Thursday, 10 June 2010

Organics - Doing the right thing.

I sometimes wonder whether non interventionist organic agriculture is a ruse from the big oil companies to encourage consumption.
You can use one spray of one litre of glyphosate weed killer and go off and find something better to do or, you can invest in kilometres of plastic mulch, buy a gas weed burner and mow ten times a year using gallons of diesel pumping loads of Co2 into the atmosphere. It's the same with plant sprays - you can go through your vineyard burning up gas every day with compost teas and biodynamic treatments but one single spray of a chemical like CBZ will do the job.
How organic can we be when oil gets too expensive or runs out? The amount of work that you can acheive in spraying, mowing, trimming and general transport of heavy stuff with one small tractor is amazing and you really appreciate the back breaking toil that agricultural workers had to go through. Trust me, I've shovelled enough shit to know what it must have been like!
I rejoice that we have the choice in how we manage land but can't help feeling that taking the completely "natural" way is actually a luxury in that you have a lot of spare money to invest in labour and the risk that you can lose a whole years crop without going bust.
Rightly or wrongly we have taken a middle route where sometimes you just have to spray to avoid days if not weeks of work but, there is also huge biodiversity in the vineyard. Ladybirds are eating aphids, grasses are suppressing nettles in the rows, foxes are keeping the rabbits down and if you remove a single thing from the whole chain then you immediately get something else predominating. We have just put down bait for mice because they are killing some of the vines... now waiting to see what will have lost it's predator.

Tuesday, 8 June 2010

When I'm 64

This picture is of what was once Pilton Manor Vineyard. It is now planted with an orchard so maybe it has reverted to its true self. The wine they made was truly excellent and there has been a lot of talk in the UK wine business about why so many of the vineyards planted in the 70's and 80's are no longer around. What with all the new plantings I suppose people are questioning whether they will last.The first thing to say is all credit to those pioneers who were really experimenting in a brave new world with varietals and trellising methods. The reality was that for many of them the vineyard was a retirement hobby and the produce only had to reach a basic quality level. They were also told that only obscure German varietals would work and that anything else was a waste of time. Funnily enough, I was also told this by a self proclaimed English Wine expert in the early 1990's.
Once they became too old quality often wasn't sufficiently good to make it worthwhile anybody else taking it over. Todays self proclaimed experts are really quite snooty about these people now that they feel they're part of a real proper wine region but, the old guard gained a  lot of satisfaction and made many of the mistakes that we now routinely avoid. Their wines were often searingly acid and packed with sulphur but, I bet some of these 15-20 years later are suprisingly good.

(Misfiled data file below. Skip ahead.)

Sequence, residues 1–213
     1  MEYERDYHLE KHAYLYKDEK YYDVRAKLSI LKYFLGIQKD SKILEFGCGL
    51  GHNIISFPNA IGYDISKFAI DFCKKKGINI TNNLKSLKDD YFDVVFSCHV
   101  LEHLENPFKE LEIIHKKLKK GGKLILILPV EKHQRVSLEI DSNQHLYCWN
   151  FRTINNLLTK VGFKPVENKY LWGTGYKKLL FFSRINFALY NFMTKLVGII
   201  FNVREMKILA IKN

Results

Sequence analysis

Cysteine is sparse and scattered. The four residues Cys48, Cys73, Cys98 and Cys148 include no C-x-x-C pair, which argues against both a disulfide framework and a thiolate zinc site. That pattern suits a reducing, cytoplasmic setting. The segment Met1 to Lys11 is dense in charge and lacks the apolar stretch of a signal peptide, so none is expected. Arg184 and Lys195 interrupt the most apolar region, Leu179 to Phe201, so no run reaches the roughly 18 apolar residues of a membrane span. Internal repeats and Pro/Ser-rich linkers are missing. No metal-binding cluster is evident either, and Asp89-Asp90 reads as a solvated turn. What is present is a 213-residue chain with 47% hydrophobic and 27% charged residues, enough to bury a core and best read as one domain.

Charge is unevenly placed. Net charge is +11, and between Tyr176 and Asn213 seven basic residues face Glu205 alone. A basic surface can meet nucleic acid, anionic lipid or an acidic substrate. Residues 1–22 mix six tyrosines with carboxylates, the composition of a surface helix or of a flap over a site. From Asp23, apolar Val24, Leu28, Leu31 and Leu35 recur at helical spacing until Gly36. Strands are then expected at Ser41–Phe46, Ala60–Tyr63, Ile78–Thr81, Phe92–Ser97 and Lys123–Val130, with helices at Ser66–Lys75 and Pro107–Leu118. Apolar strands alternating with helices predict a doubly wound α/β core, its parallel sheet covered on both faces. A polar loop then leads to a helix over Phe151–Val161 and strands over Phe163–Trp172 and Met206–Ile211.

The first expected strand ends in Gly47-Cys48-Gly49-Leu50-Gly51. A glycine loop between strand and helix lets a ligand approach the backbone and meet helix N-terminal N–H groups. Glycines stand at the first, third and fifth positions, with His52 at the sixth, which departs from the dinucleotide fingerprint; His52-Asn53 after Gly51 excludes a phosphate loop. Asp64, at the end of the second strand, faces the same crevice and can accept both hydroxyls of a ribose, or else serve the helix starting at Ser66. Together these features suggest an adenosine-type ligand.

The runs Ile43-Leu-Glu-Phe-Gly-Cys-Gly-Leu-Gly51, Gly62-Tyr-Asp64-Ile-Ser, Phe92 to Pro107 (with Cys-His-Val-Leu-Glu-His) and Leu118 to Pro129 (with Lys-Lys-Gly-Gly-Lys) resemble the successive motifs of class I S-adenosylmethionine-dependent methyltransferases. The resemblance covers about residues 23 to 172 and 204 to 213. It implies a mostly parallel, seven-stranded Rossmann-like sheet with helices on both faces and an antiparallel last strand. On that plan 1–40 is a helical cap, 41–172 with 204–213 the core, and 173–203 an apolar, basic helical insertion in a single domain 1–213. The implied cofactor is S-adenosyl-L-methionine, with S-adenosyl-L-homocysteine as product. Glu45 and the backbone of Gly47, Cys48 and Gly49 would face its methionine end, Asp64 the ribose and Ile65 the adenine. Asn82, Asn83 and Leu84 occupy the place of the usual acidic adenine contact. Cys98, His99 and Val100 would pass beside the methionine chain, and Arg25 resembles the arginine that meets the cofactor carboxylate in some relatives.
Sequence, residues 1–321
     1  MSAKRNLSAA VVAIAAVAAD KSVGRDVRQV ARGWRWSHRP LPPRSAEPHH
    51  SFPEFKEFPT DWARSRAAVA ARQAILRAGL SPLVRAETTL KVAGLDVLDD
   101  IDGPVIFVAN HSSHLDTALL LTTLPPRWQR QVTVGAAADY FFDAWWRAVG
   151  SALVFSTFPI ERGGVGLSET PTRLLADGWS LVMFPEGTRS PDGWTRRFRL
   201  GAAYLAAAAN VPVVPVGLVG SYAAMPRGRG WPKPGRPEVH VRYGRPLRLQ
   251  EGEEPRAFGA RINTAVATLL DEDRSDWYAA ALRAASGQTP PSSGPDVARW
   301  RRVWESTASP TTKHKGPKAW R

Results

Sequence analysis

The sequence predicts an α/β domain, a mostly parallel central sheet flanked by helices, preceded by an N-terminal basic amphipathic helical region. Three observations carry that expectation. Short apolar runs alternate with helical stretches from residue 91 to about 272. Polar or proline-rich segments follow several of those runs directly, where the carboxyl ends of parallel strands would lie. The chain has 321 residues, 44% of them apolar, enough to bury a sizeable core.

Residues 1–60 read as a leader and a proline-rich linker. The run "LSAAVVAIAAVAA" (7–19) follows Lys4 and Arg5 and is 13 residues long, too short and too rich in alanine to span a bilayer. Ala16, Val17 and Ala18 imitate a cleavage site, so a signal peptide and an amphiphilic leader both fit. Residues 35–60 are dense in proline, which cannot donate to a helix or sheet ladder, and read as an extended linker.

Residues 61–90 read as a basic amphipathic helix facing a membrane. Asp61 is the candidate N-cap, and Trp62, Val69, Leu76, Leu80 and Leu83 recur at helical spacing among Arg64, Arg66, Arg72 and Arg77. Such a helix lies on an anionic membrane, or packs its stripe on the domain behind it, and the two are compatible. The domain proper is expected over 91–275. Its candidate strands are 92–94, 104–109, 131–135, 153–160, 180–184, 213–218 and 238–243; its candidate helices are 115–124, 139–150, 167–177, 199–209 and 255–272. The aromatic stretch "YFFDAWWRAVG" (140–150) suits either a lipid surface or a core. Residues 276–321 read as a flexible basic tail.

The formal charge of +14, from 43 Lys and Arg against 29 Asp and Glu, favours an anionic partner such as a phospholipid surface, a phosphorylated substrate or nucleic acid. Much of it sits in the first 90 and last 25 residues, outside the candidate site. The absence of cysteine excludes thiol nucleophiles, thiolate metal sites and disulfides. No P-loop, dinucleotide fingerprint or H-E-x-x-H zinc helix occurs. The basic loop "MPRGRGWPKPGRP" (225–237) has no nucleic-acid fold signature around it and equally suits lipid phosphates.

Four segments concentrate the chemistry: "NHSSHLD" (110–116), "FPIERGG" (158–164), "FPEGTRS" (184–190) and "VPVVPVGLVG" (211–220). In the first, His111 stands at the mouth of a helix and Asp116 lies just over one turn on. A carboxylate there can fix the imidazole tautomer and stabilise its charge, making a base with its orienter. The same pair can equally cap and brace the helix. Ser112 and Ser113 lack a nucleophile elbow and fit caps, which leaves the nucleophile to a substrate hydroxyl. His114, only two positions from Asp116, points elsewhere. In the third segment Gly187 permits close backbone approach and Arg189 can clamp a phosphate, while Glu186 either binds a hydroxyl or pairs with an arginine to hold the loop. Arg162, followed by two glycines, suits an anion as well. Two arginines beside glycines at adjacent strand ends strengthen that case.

When we planted, we had the view that possibly our only measure of success would be in 20-30 years time would it still be here and would somebody want to buy it or take it over. You don't hear about Clos Vougeot or Stags Leap being grubbed up for lack of interest when somebody retires! Our aim is to make really full on no compromise great wine, well, you have to have a goal. It may not happen very often if at all, it may not be universally recognised and it most certainly won't make us a fortune but it will be viable.

Monday, 7 June 2010

Ice in the Veins

2009 is looking good so far with the vines catching up after a slow start from the cold winter. We are hearing that a lot of people were hit by frost which will set them back with a smaller crop. The sap in new buds feezes and it kills them. Secondary buds will grow but they are never as good. This has affected good as well as bad sites and it reminds you that some years you may just have to accept that the climate is against you and you aren't going to get a crop despite all your work. Luckily here we never went below 2 degrees but mentally some years you have to be prepared to lose everything.The next step for us is getting our antiquated sprayer running. You have to complete training courses to use it which sounds a bit nanny state until the practicalities set in of getting the right dose for 3200 vines and not killing your self overturning a third of a ton of liquid in a tank on the back of a tractor.